_{lim}does not represent the absolute stress limit of the considered material, but it is a reference value that the target designer can adopt for design validations or operation condition evaluations as long as the thermal stress field is computed with the same virtual thermoplastic parameters that were adopted in this study.

## 5. Conclusions

## Author Contributions

## Funding

## Institutional Review Board Statement

## Informed Consent Statement

## Data Availability Statement

## Conflicts of Interest

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**Figure 1.**The experimental test bench adopted for the measurement of the sample emissivity and temperature data necessary for the thermal conductivity estimation: general CAD view (

**a**), detailed view of the sample and heater (

**b**), and pictures of the components at high temperature during a test with a TiC specimen (

**c**).

**Figure 4.**Estimated thermal conductivity for three different samples with the corresponding 95% confidence bounds (CBs).

**Figure 5.**Comparison between the experimental and numerically calculated temperature values at the center and periphery of sample 1.

**Figure 6.**The three outcomes of the performed thermal stress failure tests: complete failure (

**a**), incomplete crack propagation (

**b**), and no evident cracking (

**c**).

**Table 1.**Elastic properties from the literature, which were adopted for the calculation of the stress field according to the virtual thermoelastic parameter approach.

Young’s Modulus (E*) | Poisson’s Ratio (ν*) | Coefficient of Thermal Expansion (α*) |
---|---|---|

3220 (MPa) [27] | 0.191 [28] | 7.4∙10^{−6} (1/°C) [29] |

**Table 2.**Summary of the average dimensions of the produced TiC samples before and after the thermal treatment.

Before Thermal Treatment | After Thermal Treatment | |
---|---|---|

Diameter (mm) | 40.5 ± 0.2 | 36.6 ± 0.7 |

Thickness (mm) | 1.56 ± 0.05 | 1.57 ± 0.06 |

**Table 3.**The average mass of the produced TiC samples before and after the thermal treatment and the achieved average porosity.

Average Mass before Thermal Treatment (g) | Average Mass after Thermal Treatment (g) | Average Mass Loss | Average Porosity |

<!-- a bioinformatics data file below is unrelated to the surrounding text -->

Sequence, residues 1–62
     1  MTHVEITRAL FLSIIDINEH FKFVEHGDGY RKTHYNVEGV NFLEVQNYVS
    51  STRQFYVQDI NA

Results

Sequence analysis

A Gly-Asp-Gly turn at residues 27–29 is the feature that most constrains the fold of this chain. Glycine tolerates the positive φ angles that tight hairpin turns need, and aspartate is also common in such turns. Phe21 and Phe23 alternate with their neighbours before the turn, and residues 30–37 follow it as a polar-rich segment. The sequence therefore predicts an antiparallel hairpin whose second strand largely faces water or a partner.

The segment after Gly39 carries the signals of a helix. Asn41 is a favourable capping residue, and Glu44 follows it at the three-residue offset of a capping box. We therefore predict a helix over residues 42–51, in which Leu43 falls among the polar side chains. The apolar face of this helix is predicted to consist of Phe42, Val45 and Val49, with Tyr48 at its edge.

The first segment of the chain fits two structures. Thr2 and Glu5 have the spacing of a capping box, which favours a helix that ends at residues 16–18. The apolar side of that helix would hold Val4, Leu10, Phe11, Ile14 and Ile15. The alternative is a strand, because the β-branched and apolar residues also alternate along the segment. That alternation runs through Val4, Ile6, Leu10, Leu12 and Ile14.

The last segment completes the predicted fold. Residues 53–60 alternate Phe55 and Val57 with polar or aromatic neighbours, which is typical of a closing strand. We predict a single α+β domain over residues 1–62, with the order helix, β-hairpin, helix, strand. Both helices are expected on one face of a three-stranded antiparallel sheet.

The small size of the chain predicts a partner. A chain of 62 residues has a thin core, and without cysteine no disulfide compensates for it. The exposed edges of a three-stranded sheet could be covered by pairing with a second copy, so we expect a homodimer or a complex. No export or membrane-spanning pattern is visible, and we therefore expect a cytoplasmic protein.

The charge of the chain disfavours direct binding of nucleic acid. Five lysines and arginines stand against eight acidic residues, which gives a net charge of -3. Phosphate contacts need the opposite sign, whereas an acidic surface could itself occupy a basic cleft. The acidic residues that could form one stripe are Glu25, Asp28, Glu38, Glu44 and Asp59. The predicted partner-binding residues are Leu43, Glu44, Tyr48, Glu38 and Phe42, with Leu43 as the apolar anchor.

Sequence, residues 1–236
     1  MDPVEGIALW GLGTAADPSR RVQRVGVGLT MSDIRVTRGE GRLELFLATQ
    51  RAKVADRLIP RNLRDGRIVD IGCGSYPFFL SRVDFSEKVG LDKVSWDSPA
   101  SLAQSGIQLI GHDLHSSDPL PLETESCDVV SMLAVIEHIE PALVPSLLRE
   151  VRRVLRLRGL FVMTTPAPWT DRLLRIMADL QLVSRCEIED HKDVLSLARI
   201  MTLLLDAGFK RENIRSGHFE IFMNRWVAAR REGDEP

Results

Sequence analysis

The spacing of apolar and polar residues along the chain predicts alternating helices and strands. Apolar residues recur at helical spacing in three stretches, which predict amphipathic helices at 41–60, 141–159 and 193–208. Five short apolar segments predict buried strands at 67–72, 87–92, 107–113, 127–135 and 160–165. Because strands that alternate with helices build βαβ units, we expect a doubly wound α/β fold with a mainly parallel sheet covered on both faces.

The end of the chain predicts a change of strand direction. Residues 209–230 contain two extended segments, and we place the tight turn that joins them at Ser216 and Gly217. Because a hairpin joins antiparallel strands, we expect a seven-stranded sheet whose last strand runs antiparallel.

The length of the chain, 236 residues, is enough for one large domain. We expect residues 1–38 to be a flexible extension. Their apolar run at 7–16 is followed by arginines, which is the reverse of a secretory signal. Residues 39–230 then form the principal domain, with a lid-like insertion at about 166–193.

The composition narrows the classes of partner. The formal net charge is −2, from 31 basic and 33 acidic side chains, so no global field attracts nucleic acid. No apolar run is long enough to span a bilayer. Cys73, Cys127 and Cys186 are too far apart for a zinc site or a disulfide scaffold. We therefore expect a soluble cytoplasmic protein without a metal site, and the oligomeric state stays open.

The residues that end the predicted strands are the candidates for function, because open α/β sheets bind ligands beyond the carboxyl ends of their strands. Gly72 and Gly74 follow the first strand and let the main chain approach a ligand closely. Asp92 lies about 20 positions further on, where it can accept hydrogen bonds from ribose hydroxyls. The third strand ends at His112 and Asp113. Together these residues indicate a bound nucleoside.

---|---|---|---|

3.97 ± 0.07 | 2.34 ± 0.12 | 41 ± 3% | 58 ± 3% |

Sample Number | Sample Thickness (mm) | Sample Diameter (mm) | Heater-Sample Distance (mm) | Fracture Current Intensity (I_{fract}) (A) | Center Temperature at the Fracture (°C) |
---|---|---|---|---|---|

1 | 1.53 | 35.95 | 3.11 | 165 | 752 |

2 | 1.51 | 36.06 | 3.11 | 150 | 892 |

3 | 1.58 | 35.95 | 3.11 | 160 | 999 |

4 | 1.61 | 36.34 | 4.77 | 160 | 966 |

5 | 1.61 | 36.08 | 3.11 | 170 | 1032 |

6 | 1.63 | 36.24 | 3.11 | 170 | 1040 |

7 | 1.62 | 35.87 | 3.11 | 190 | 1131 |

8 | 1.57 | 36.00 | 1.22 | 160 | 1369 |

9 | 1.55 | 36.07 | 1.22 | 120 | 814 |

10 | 1.63 | 36.17 | 1.85 | 140 | 917 |

11 | 1.62 | 36.24 | 1.85 | 140 | 874 |

12 | 1.58 | 36.07 | 3.11 | 140 | 874 |

13 | 1.62 | 36.02 | 3.11 | 160 | 960 |

14 | 1.55 | 35.81 | 1.22 | 150 | 951 |

15 | 1.62 | 36.17 | 1.22 | 120 | 795 |

16 | 1.65 | 36.12 | 1.85 | 140 | 851 |

**Table 5.**The Weibull distribution parameters (with 90% confidence bounds) and the referential stress limit calculated with the VTP approach.

$\widehat{\mathbf{m}}$ (/) (Lower Bound) | $\widehat{\mathbf{m}}$ (/) (Average) | $\widehat{\mathbf{m}}$ (/) (Upper Bound) | $\widehat{\mathsf{\sigma}}$_{θ} (MPa)(Lower Bound) | $\widehat{\mathsf{\sigma}}$_{θ} (MPa)(Average) | $\widehat{\mathsf{\sigma}}$_{θ} (MPa)(Upper Bound) | σ*_{LIMIT} (MPa) | Temperature Range (°C) |
---|---|---|---|---|---|---|---|

3.72 | 5.72 | 7.38 | 2.03 | 2.21 | 2.40 | 0.44 | 700 ÷ 1400 |

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**MDPI and ACS Style**

Ballan, M.; Corradetti, S.; Manzolaro, M.; Meneghetti, G.; Andrighetto, A.
Thermal and Structural Characterization of a Titanium Carbide/Carbon Composite for Nuclear Applications. *Materials* **2022**, *15*, 8358.
https://doi.org/10.3390/ma15238358

**AMA Style**

Ballan M, Corradetti S, Manzolaro M, Meneghetti G, Andrighetto A.
Thermal and Structural Characterization of a Titanium Carbide/Carbon Composite for Nuclear Applications. *Materials*. 2022; 15(23):8358.
https://doi.org/10.3390/ma15238358

**Chicago/Turabian Style**

Ballan, Michele, Stefano Corradetti, Mattia Manzolaro, Giovanni Meneghetti, and Alberto Andrighetto.
2022. "Thermal and Structural Characterization of a Titanium Carbide/Carbon Composite for Nuclear Applications" *Materials* 15, no. 23: 8358.
https://doi.org/10.3390/ma15238358